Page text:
Chapter 5. Dock, Desktop & Toolbars

When you fire up a Mac, the first thing you see is the desktop—the great-great-grandchild of the original Mac’s home-base screen that changed the world in 1984. There’s the Dock, full of unfamiliar icons on a see-through shelf. There are those Finder windows, slick and textureless with their solid-gray title bars. And then there’s the shimmering backdrop of the desktop itself.

This chapter shows you how to use and control these most dramatic elements of macOS High Sierra’s home base.

The Dock

For years, most operating systems maintained two lists of programs. One listed unopened programs until you needed them, like the Start menu (Windows) or the Launcher (Mac OS 9). The other kept track of which programs were open at the moment for easy switching, like the taskbar (Windows) or the Application menu (Mac OS 9).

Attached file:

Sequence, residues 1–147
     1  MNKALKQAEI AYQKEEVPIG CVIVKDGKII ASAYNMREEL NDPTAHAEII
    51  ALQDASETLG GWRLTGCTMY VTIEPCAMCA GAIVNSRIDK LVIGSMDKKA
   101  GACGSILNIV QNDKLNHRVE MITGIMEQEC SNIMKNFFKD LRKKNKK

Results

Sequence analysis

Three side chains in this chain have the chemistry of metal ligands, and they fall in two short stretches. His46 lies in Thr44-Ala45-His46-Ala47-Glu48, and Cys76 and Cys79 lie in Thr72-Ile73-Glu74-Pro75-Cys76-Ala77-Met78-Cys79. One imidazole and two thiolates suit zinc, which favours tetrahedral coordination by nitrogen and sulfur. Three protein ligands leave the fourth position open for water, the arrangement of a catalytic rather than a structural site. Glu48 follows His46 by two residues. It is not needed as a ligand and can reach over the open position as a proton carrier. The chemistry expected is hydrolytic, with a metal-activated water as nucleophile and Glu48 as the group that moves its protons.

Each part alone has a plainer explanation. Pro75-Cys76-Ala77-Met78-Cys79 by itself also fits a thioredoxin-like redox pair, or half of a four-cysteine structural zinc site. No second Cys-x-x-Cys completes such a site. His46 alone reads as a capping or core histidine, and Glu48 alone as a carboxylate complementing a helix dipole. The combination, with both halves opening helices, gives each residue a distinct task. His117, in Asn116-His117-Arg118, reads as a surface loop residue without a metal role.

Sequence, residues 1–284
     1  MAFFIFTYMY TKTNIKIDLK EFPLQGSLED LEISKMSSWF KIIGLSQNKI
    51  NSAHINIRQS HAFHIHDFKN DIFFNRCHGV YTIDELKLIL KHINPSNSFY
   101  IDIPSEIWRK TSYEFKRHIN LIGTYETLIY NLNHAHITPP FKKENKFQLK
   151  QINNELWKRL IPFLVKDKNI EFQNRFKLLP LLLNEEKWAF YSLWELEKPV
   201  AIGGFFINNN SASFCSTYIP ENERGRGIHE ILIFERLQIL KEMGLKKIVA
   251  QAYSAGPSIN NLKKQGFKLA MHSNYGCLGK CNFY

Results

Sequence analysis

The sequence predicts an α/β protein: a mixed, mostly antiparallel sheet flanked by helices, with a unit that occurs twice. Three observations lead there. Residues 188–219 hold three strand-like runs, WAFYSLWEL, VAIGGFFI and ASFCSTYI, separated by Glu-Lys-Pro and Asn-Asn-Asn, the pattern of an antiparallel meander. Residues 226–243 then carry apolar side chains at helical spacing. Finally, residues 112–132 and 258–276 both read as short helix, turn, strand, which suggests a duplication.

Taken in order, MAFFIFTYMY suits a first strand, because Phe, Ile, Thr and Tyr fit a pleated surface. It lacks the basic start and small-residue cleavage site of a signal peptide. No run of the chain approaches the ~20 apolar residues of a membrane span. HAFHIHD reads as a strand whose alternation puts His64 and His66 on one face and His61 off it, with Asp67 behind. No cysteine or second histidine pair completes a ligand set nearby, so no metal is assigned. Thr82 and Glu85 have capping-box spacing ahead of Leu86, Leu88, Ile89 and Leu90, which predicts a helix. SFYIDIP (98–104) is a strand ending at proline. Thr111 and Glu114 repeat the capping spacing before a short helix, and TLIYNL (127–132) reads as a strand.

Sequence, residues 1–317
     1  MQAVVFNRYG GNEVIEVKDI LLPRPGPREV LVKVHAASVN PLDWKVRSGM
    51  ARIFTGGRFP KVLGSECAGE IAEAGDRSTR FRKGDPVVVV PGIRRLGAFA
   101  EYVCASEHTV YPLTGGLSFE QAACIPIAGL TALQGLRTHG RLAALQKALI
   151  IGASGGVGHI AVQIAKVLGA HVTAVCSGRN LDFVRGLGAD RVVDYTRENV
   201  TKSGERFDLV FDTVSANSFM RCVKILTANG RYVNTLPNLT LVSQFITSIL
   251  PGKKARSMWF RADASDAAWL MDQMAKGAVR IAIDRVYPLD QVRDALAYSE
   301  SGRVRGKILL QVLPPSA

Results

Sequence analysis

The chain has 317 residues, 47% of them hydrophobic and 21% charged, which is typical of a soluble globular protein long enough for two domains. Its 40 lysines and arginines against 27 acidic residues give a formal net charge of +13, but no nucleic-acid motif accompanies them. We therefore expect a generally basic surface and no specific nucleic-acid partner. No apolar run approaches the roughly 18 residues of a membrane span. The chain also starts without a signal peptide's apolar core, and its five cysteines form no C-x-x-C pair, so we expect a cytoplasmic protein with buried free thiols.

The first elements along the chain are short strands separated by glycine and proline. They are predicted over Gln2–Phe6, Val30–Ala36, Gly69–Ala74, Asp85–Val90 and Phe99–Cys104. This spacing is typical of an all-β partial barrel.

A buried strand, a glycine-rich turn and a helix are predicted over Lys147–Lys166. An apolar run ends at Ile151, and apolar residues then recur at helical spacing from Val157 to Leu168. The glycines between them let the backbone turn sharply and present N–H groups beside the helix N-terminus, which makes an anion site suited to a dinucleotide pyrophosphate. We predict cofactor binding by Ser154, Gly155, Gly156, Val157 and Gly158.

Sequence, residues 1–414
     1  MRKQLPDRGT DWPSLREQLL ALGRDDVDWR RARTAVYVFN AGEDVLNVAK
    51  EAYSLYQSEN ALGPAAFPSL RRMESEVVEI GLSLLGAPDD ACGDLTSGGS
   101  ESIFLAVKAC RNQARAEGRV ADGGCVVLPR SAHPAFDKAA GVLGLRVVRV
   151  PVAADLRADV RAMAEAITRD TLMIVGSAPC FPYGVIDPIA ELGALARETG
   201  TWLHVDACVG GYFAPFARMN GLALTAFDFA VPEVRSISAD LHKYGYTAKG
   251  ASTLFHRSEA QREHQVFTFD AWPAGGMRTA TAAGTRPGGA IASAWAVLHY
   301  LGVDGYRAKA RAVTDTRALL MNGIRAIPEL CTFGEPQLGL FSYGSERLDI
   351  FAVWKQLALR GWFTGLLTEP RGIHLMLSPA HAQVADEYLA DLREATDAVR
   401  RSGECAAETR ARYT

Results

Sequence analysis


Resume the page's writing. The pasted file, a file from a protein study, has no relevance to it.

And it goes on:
In OS X, Apple combined both functions into a single strip of icons called the Dock.

Apple’s thinking goes like this: Why must you know whether or not a program is already running? That’s the computer’s problem, not yours. In an ideal world, this distinction should be irrelevant. A program should appear when you click its icon, whether it’s open or not—just as on an iPhone or an iPad.

“Which programs are open” already approaches unimportance in macOS, where sophisticated memory-management features make it hard to run out of memory. You can have dozens of programs open at once.

And that’s why the Dock combines the launcher and status functions ...

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